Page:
Does Vote Trading Improve Welfare?
Voters have strong incentives to increase their influence by trading votes, a practice indeed believed to be common. But is vote trading welfare-improving or welfare-decreasing? We review the theoretical literature and, when available, its related experimental tests. We begin with the analysis of logrolling – the exchange of votes for votes, considering both explicit vote exchanges and implicit vote trades engineered by bundling issues in a single bill. We then focus on vote markets, where votes can be traded against a numeraire. We cover competitive markets, strategic market games, decentralized bargaining, and more centralized mechanisms, such as quadratic voting, where votes can be bought at a quadratic cost. We conclude with procedures allowing voters to shift votes across decisions – to trade votes with oneself only – such as storable votes or a modified form of quadratic voting. We find that vote trading and vote markets are typically inefficient; more encouraging results are obtained by allowing voters to allocate votes across decisions.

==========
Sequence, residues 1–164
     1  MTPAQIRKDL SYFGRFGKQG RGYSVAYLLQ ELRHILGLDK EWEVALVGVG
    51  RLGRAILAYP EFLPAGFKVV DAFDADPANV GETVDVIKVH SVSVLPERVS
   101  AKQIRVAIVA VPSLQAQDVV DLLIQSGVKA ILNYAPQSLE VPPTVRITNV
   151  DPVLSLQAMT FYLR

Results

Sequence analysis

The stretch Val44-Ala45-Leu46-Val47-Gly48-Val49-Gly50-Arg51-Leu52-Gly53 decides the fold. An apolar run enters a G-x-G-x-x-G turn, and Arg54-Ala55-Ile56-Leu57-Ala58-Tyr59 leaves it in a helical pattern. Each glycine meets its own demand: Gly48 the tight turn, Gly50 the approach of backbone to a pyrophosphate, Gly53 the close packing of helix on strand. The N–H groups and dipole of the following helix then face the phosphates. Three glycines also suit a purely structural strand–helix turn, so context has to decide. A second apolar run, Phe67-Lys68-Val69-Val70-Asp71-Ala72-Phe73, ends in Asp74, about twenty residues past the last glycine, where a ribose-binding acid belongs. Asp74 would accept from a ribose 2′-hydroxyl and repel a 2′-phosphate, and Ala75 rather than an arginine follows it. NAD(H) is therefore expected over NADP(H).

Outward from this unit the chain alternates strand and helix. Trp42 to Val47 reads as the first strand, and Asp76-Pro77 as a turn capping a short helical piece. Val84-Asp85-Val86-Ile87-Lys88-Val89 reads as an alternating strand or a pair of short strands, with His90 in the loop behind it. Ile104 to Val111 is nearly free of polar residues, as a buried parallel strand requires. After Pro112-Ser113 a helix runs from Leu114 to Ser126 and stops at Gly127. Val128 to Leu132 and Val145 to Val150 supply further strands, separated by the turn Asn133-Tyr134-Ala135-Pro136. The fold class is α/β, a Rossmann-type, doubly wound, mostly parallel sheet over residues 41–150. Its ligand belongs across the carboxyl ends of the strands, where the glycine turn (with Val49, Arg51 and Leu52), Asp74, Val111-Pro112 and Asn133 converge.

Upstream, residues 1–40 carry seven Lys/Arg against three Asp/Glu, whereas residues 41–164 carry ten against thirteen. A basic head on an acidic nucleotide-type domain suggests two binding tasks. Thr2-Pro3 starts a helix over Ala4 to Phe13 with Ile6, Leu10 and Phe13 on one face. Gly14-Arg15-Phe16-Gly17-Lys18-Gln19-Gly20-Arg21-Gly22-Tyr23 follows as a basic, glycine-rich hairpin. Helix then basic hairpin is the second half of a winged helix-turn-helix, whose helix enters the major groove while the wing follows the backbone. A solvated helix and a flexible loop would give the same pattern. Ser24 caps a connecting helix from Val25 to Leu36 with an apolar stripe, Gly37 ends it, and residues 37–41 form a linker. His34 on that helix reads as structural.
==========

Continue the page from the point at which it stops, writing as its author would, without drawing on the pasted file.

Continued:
When citing this paper, please use the following: Casella, A, Macé, A. 2020. "Does Vote Trading Improve Welfare?" Annu. Rev. Econ. 13: Submitted. https://doi.org/10.1146/annurev-economics-081720-114422. We are grateful to the institutions that, throughout the years, have supported the works discussed in this survey, in particular the National Science Foundation, through its grants SES-00214013 and SES-0617934, the Agence Nationale de la Recherche, through its grants ANR-17-CE26-0003 and ANR-17-EURE-001, the Guggenheim Foundation, the Institute for Advanced Studies, the Straus Institute at the NYU Law School, and finally the Alliance Program at Columbia and Université Paris 1 that made our collaboration possible. We are also very grateful to the colleagues, friends, and students who have worked with us, in particular Tom Palfrey, whose collaboration shaped both specific papers and broad ideas, Jean François Laslier, who brought us together and whose teachings and moral compass helped to keep us straight, and Rafael Treibich for fruitful discussions and in particular comments on this survey which opened new perspectives. The views expressed herein are those of the authors and do not necessarily reflect the views of the National Bureau of Economic Research.